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Tuesday, August 31, 2010

Hurricane Earl on track to clip U.S. East Coast

Hurricane Earl baked on the road to the coast of North Carolina at about East Coast on Tuesday, after lashing Puerto Rico and the Caribbean islands to the north-east wind, rain and waves, the U.S. National Hurricane Center said . Earl is scheduled record, the second major hurricane of the 2010 Atlantic season has shown the fringes of the powerful Category 4 storm in the crop of the North Carolina Outer Banks barrier island early Friday and also threaten the U.S. coast north of there. "North Carolina to accommodate the interests of New England should follow Earl" the hurricane center in Miami said.

Barry Baxter, a meteorologist at the hurricane center said forecasts had the storm track pushed a little to the west overnight, but had narrowly missed a direct link to the full effect to the coast of the United States USA. "By staying off the coast at this stage all the U.S. East," said Baxter. He declined to predict how the hurricane could come to New York when he churned offshore of the city on weekends. "We do not know," said Baxter. "It is premature at this point. We just tell everyone to keep their eyes on the track and keep checking back. "He said the NHC hurricane should stop just short of being a maximum category five storm on the scale intensity of Saffir-Simpson five steps.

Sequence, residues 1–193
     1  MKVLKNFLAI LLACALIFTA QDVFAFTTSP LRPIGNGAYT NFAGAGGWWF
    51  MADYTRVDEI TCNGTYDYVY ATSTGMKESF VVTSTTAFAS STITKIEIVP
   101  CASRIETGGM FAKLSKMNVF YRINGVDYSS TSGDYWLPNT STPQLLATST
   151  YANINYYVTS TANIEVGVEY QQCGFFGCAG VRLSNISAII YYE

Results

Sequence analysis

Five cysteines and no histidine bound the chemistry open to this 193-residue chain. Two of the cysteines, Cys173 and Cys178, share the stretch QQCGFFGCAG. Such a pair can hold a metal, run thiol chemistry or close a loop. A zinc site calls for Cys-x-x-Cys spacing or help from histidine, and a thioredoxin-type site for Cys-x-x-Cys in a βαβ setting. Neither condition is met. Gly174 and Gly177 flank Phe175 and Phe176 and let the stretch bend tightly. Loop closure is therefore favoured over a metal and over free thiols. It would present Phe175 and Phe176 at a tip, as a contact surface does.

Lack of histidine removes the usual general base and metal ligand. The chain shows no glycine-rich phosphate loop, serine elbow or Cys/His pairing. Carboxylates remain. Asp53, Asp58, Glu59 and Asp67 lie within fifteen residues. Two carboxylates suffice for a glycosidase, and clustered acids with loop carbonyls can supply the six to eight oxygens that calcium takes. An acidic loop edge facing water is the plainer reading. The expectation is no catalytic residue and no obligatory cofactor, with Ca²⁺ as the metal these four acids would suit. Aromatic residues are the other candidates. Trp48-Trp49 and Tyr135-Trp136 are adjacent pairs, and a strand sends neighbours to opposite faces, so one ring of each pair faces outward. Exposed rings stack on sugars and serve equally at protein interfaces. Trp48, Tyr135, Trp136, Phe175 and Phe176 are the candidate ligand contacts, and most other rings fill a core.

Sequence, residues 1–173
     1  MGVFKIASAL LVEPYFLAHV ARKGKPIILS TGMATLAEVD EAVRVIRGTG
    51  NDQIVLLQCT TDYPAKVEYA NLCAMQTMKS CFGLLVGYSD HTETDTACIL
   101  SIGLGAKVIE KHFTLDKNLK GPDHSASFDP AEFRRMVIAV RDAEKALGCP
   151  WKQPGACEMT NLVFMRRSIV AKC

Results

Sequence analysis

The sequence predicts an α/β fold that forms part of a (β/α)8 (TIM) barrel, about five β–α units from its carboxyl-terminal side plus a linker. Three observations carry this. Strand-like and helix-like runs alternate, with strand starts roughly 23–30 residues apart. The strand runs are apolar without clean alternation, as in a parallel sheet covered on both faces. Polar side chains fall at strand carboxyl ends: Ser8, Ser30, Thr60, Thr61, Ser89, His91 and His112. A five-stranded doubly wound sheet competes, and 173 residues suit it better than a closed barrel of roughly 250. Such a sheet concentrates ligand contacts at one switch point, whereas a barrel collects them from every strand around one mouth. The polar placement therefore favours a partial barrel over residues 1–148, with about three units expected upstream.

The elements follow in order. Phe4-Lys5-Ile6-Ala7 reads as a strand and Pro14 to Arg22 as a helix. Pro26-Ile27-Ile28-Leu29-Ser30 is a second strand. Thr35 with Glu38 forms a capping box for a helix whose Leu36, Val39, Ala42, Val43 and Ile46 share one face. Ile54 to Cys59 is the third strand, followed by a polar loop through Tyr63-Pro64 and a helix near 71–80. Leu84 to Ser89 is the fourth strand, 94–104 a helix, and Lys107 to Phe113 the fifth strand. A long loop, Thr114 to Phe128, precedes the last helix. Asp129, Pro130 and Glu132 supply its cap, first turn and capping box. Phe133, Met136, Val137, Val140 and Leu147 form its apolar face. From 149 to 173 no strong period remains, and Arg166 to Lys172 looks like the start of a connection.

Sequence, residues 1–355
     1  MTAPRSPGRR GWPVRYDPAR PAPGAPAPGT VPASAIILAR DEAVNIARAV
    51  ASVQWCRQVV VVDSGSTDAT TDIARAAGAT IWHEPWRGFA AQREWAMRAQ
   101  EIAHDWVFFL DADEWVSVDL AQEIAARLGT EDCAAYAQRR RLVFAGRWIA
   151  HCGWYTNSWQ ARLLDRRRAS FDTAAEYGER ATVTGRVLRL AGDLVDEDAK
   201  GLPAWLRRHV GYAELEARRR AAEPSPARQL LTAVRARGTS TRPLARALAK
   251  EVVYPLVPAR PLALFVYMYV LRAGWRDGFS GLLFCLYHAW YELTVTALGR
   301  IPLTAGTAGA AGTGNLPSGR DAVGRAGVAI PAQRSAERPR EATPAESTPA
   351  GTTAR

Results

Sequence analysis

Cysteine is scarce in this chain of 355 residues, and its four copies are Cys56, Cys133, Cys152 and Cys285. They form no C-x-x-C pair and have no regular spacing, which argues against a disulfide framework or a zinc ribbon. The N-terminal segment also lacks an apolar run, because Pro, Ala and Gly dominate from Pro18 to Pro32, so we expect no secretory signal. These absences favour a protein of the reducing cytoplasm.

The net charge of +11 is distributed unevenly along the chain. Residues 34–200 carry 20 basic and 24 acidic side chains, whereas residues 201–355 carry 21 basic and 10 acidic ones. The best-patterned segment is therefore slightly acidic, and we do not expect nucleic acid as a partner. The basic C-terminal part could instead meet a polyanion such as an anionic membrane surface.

However, forecasters say that Earl is expected to bring heavy rain, surf and treacherous seas and gusty winds to the Atlantic coast of North Carolina to New England and Canada. Earl, with maximum sustained winds near 135 mph (215 km / h) has been out of Puerto Rico and the Virgin Islands on Tuesday and was to cross the Atlantic Ocean to the eastern Turkey and Caicos Islands, the NHC said. At 9 am (1300 GMT), is located about 230 miles (370 kilometers) east of Grand Turk in the Turks and Caicos, a British overseas territory. Tropical storm warnings and watches were in effect for the Bahamas and the Caicos islands and southeastern Turkey. Hurricane Earl does not threaten U.S. oil and gas installations in the Gulf of Mexico. Not directly affected PUERTO RICO

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